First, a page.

A jury in California has awarded more than $2 billion to a couple who claimed Bayer's glyphosate-based Roundup weed killer caused their cancer.

It is the third consecutive verdict against the company over the product and the largest to date.

The couple's legal team described the damages award as "historic," saying it totalled $2.055bn after adding in slightly more than $55 million in compensatory damages.

"The jury saw for themselves internal company documents demonstrating that, from day one, Monsanto has never had any interest in finding out whether Roundup is safe," said plaintiff's counsel Brent Wisner.

"Instead of investing in sound science, they invested millions in attacking science that threatened their business agenda."

Bayer acquired Roundup as part of its $63bn dollar purchase of Monsanto last year.

The company insists the glyphosate-based product is not linked to cancer and says it was disappointed with the verdict and will appeal.

Bayer stock falls on $2bn award in Roundup trial

Bayer-owned glyphosate developer Monsanto was convicted in the US in 2018 and 2019 of not taking necessary steps to warn of the potential risks of Roundup - their weed killer containing the chemical, which two California juries found caused cancer in two users.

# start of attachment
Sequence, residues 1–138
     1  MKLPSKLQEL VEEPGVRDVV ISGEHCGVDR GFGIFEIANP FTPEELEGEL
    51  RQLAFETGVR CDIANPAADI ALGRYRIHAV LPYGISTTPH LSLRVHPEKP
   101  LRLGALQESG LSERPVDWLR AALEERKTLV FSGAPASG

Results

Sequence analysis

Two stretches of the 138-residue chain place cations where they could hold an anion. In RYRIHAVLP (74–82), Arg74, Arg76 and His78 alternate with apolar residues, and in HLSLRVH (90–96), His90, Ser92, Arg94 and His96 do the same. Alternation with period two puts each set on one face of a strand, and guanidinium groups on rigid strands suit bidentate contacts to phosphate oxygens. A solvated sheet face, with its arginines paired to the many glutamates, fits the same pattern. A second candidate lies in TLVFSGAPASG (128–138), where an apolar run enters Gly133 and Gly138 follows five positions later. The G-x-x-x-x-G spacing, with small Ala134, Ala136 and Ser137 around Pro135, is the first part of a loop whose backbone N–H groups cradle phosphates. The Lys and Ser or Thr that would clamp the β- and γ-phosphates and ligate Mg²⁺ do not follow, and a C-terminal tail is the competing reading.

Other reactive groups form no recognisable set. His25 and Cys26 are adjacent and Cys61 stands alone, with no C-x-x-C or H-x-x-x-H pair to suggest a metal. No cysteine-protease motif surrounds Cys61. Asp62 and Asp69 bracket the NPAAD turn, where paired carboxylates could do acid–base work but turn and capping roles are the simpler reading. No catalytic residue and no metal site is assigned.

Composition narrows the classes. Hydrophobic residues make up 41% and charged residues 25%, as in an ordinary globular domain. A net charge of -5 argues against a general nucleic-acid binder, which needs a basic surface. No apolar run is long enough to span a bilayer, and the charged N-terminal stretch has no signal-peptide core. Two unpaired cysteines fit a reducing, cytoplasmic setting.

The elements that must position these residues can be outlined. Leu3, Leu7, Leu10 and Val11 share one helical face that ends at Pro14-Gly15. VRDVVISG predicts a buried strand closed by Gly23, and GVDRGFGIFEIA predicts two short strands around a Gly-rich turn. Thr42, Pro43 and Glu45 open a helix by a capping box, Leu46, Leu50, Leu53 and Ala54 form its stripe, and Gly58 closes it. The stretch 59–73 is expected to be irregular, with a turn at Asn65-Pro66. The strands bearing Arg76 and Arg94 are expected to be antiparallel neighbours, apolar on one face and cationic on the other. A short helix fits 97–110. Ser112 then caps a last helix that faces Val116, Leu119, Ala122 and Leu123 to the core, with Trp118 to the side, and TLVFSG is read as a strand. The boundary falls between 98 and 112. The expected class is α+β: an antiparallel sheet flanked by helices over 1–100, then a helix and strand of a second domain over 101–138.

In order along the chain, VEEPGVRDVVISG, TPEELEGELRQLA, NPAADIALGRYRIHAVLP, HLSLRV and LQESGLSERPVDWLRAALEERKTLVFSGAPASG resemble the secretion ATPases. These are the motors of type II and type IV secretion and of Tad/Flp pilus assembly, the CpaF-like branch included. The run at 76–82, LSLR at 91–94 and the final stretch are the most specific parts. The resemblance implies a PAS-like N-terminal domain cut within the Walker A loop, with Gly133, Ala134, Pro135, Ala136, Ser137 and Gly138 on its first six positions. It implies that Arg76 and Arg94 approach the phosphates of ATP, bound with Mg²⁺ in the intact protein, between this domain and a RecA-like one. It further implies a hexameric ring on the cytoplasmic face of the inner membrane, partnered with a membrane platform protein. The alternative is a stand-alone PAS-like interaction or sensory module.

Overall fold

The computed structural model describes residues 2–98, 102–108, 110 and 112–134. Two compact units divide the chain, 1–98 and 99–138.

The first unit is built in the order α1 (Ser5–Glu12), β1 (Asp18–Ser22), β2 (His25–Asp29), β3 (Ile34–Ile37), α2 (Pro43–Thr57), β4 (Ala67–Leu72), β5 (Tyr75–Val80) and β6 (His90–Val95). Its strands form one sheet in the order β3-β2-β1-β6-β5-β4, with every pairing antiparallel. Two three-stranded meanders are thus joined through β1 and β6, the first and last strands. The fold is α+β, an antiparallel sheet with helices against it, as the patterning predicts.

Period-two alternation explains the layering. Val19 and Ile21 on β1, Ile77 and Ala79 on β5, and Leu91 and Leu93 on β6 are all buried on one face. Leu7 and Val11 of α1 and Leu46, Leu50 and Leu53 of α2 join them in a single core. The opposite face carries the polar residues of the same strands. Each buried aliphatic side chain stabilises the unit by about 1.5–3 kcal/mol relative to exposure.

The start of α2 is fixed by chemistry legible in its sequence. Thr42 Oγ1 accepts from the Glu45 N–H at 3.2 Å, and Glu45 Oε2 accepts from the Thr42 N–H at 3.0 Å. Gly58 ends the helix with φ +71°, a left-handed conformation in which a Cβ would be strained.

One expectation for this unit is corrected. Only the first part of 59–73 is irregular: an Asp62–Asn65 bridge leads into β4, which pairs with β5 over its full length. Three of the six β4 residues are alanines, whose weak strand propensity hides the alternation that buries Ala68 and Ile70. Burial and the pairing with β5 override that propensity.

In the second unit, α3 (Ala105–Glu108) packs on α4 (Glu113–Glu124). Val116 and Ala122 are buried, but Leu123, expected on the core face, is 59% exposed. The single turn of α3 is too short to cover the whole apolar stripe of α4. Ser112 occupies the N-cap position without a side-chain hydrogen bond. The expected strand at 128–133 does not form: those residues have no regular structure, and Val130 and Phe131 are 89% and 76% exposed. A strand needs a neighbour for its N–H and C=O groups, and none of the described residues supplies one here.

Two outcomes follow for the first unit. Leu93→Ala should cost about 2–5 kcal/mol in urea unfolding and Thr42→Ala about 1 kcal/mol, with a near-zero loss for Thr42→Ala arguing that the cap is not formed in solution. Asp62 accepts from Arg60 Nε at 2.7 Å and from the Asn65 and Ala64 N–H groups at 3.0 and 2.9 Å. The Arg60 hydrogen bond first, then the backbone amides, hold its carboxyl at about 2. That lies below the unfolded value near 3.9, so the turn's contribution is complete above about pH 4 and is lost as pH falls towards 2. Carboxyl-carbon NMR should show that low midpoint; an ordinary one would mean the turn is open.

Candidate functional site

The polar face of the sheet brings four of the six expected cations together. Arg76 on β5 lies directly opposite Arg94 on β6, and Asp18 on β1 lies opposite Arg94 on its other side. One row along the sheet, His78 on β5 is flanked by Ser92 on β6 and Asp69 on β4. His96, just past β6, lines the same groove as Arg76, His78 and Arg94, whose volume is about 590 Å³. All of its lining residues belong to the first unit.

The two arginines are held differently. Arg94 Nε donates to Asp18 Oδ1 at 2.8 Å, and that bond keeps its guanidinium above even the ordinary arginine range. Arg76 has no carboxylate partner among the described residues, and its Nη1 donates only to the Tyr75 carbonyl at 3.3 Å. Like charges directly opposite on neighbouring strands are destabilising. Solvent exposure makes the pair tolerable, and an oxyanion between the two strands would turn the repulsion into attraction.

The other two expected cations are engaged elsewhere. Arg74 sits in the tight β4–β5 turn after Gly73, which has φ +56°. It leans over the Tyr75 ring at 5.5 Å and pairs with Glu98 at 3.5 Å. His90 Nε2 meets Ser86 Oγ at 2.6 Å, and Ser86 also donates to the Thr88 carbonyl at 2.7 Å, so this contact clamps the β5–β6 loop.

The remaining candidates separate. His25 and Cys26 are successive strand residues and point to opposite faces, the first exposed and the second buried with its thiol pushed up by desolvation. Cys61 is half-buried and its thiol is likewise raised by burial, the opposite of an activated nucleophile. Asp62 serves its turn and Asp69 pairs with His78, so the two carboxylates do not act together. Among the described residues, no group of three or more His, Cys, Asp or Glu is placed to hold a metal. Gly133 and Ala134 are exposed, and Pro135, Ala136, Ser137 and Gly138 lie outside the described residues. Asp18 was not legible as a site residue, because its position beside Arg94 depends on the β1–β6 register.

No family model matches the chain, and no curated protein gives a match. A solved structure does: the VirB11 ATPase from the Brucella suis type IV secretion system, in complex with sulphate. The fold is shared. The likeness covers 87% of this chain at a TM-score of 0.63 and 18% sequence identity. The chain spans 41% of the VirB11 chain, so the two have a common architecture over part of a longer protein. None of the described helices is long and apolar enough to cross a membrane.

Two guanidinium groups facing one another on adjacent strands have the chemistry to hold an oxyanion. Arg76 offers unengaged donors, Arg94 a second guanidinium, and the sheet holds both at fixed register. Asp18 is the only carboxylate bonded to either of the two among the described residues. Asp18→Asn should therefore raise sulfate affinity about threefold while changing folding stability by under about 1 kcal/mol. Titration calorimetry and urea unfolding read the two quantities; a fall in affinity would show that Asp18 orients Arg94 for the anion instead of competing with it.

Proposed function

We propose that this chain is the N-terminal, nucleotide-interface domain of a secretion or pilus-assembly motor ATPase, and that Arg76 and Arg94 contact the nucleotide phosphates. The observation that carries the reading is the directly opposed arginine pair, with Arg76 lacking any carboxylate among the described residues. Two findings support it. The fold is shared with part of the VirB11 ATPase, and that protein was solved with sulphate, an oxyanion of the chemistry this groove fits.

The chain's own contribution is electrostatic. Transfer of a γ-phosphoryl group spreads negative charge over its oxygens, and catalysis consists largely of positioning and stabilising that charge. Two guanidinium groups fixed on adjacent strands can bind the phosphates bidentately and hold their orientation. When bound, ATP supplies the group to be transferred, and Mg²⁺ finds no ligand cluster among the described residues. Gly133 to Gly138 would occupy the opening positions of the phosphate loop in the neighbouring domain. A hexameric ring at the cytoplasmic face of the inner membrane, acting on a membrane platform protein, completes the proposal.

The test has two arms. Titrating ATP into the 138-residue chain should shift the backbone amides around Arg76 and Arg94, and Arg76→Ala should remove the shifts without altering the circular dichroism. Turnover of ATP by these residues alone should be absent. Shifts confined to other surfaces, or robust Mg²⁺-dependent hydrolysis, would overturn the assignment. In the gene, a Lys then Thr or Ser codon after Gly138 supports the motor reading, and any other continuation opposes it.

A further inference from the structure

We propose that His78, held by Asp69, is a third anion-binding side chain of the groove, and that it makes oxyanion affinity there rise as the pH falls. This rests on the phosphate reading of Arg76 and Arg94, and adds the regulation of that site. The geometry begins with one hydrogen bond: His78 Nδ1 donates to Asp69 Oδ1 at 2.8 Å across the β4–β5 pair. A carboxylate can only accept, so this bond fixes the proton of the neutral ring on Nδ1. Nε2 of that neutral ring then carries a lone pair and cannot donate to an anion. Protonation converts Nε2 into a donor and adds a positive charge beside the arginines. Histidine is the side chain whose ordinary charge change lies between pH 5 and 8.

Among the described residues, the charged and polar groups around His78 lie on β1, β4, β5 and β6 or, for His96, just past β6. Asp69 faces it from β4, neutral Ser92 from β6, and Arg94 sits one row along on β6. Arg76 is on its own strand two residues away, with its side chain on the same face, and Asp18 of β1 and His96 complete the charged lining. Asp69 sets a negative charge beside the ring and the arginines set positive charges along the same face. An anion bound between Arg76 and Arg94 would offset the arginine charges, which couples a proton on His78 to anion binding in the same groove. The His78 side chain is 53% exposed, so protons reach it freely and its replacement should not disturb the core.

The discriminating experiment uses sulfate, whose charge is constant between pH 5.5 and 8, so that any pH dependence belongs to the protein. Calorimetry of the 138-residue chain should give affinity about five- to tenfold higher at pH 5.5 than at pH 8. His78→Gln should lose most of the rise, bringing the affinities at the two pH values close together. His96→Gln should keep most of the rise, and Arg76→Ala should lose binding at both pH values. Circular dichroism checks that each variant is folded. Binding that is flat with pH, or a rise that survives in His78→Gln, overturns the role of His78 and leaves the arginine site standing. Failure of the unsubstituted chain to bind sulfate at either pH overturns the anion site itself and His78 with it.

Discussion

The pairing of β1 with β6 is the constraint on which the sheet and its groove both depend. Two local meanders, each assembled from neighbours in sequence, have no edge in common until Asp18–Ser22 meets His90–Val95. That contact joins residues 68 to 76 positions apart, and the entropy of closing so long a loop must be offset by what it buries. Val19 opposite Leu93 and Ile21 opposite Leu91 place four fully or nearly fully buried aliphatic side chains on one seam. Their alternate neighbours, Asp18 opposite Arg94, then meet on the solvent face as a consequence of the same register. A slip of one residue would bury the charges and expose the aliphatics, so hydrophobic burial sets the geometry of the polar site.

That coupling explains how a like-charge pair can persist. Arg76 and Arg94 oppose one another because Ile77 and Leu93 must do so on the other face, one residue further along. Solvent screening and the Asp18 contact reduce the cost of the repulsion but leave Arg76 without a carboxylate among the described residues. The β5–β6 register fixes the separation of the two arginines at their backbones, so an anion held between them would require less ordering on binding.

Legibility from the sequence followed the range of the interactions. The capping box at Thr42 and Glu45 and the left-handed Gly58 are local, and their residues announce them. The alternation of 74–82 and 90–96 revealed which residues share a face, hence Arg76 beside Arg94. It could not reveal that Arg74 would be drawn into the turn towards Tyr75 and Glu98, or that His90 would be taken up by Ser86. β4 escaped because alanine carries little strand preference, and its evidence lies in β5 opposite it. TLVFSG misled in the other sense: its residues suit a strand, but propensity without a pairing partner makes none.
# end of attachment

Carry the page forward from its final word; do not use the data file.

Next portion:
"Unlike the first two Monsanto trials, where the judges severely limited the amount of plaintiffs' evidence, we were finally allowed to show a jury the mountain of evidence showing Monsanto's manipulation of science, the media and regulatory agencies to forward their own agenda despite Roundup's severe harm to the animal kingdom and humankind," said attorney Michael Miller, who was co-lead trial counsel along with Mr Wisner.

The German chemicals giant faces more than 13,400 US lawsuits over the herbicide's alleged cancer risk.